Starting life with a good mother is better than being born into money. Not everyone begins life with this advantage. Those who do should treasure it because a good mother saves a child from many struggles.
Oliver Wendell Holmes wisely wrote that “our mothers carry the key of our souls in their bosom.”
Perhaps because my mother turned 91, on Christmas Day or simply because it’s long overdue, I’ve been reflecting on Mom’s influence in my life. These have come to mind:
Mom led our family’s parade to church. Young, new to the community and unable to drive, Mom walked her children to the nearest church. This church wasn’t her first choice. She grew up in a family of quiet worshipers, people who felt uneasy when anyone said ‘praise the Lord’ out loud. This church was known for its exuberance. At 14 I had a personal encounter with Jesus in that humble little church. Other family members followed Mom there. She didn’t use words to entice them; she led by example.
Get along and get together – that’s Mom’s philosophy for family harmony. I’ve heard her express thanks that no rifts exist between her and her five children. She grew up in a closely knit five-sibling family. As adults they visited each other’s homes often, talked on the telephone often, and in their senior years, travelled together. Love and peace between siblings is a godly goal. Mom’s influence in this area is profound. Even her grandchildren pursue her ‘get-along with your kin’ philosophy.
Books. In one of my earliest memories, my mother sits on the end of our bed reading Little Red Riding Hood to my sister, Carolyn, and me. Today, she teases me about filling my house and cottage with books but she’s to blame for my life-long love affair with reading.
I have no statistics to back it up but I believe readers enjoy a greater sense of fulfillment than non-readers. Readers discover; readers relax. Great stories carry them to foreign lands, mysterious times, intriguing plots and unforgettable characters. Their imaginations soar. When I visit my children’s homes and see bookcases lining their walls, a book turned over on a night table, newspapers and magazines littered here and there, I feel a sense of accomplishment. My children are readers – three pats on the back for me. The other day, Matilda, my little granddaughter, picked up her favorite thick-paged book from a pile, handed it to me, then turned her back, a signal to lift her onto my knee and read. My pleasure. It all began with a reading mother.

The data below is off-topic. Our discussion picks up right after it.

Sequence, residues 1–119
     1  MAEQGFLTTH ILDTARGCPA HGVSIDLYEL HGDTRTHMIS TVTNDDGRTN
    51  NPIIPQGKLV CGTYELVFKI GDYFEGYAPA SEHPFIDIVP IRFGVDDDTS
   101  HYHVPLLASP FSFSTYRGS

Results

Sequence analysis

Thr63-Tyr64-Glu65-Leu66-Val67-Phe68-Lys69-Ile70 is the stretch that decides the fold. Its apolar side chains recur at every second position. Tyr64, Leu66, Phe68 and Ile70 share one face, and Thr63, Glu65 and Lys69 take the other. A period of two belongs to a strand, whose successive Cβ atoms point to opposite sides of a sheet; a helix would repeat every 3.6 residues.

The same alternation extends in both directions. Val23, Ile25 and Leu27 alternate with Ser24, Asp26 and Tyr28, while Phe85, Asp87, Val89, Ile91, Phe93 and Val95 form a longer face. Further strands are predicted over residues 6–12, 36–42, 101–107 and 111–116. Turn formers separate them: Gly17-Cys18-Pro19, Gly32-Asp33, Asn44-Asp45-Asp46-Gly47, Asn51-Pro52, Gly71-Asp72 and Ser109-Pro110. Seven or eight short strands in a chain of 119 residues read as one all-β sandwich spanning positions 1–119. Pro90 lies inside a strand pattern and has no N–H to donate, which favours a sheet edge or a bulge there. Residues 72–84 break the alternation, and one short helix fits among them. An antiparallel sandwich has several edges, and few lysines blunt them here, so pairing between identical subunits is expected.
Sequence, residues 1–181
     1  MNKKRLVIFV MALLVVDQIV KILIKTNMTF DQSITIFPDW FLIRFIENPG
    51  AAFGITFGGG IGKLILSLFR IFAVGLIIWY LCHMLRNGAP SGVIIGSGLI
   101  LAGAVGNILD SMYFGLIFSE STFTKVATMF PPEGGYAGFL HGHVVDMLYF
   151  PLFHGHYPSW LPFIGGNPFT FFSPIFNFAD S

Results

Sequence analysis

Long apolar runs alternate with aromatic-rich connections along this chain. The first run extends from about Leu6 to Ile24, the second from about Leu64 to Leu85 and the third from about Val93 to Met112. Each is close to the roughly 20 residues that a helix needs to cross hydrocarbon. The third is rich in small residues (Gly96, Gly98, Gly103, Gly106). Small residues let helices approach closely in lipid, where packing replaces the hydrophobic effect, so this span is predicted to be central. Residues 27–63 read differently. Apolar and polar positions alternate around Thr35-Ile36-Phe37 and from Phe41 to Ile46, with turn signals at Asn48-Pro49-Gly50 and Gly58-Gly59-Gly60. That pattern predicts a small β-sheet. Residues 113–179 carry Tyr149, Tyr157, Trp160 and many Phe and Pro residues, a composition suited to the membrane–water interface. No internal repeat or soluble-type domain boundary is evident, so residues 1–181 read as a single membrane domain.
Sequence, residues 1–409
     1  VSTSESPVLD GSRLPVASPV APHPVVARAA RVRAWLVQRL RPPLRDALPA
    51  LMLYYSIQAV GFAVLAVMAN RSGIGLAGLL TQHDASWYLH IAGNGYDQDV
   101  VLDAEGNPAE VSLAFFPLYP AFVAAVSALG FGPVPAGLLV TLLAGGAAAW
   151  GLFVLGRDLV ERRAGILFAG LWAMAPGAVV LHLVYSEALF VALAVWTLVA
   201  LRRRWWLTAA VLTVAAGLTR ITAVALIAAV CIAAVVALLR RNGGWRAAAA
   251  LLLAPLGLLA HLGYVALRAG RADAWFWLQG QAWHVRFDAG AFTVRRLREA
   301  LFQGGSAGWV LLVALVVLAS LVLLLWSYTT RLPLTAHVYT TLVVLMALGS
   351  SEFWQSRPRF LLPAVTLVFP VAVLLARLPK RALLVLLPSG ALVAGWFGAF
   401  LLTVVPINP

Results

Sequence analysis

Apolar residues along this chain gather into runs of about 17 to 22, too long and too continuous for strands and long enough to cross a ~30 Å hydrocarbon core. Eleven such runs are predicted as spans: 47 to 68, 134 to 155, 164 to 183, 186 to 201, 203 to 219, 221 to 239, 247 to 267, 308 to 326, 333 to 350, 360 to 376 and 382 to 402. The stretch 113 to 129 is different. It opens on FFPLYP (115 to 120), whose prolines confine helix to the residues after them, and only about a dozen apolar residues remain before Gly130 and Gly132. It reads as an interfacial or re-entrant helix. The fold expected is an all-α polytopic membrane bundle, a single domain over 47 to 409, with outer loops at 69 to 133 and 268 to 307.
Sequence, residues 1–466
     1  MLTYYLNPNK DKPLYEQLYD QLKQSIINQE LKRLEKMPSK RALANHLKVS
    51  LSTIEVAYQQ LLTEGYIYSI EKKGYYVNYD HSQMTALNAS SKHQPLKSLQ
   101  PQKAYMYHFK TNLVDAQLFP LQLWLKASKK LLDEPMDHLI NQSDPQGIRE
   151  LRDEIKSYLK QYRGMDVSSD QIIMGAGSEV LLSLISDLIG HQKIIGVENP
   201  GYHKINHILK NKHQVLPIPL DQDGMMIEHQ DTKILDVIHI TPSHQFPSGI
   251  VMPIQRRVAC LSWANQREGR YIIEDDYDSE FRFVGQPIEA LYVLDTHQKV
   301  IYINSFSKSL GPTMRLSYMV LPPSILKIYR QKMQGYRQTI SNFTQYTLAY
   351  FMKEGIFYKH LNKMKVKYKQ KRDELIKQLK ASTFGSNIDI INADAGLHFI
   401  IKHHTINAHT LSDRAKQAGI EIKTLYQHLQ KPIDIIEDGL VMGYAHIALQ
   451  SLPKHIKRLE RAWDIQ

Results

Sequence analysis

Bless the LORD, O my soul, and forget not all his benefits (Psalm 103:2). Mom hung this framed verse on the wall beside our dinner table. It expresses her thankful heart.
Mom forms opinions and expresses them. She can converse with anyone about the latest global or local event. She knows what’s happening on the country’s political scene and likes to discuss her viewpoint. Forming opinions helps to keep the little gray cells functioning and it makes for lively discussion around our family dinner tables.
A good neighbour. Decades ago, a feuding older couple next door to our family home separated. He moved into an upscale shed at the back of his property; she remained in the house. Our sympathies lie with the shed-dweller. At Christmas and other special occasions, Mom delivered meals to him. Many older relatives and ailing neighbours also benefited from her generosity. From her we learned to keep aware of the needs around us, especially the ones right under our noses.
According to author, Kathryn Lindskoog, a child who learns English from the crib is born with the equivalent of $500,000 in the bank. It can’t be an exaggeration to say that a child with a good mother has the benefit of at least twice that amount in her life account.
If that’s the case I was born a millionaire.
Rose McCormick Brandon writes books and articles, teaches Bible studies and writing classes, speaks at churches, libraries, historical societies and museums. Visit her website at: http://writingfromtheheart.webs.com Contact her at: firstname.lastname@example.org. Visit her blog on Canada’s British Home Children at http://littleimmigrants.wordpress.com.